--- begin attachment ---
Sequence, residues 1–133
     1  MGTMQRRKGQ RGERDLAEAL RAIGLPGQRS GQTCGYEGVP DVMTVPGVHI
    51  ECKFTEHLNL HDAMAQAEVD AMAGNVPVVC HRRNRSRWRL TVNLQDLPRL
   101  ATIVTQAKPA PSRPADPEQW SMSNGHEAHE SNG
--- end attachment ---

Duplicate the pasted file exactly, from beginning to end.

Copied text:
Sequence, residues 1–133
     1  MGTMQRRKGQ RGERDLAEAL RAIGLPGQRS GQTCGYEGVP DVMTVPGVHI
    51  ECKFTEHLNL HDAMAQAEVD AMAGNVPVVC HRRNRSRWRL TVNLQDLPRL
   101  ATIVTQAKPA PSRPADPEQW SMSNGHEAHE SNG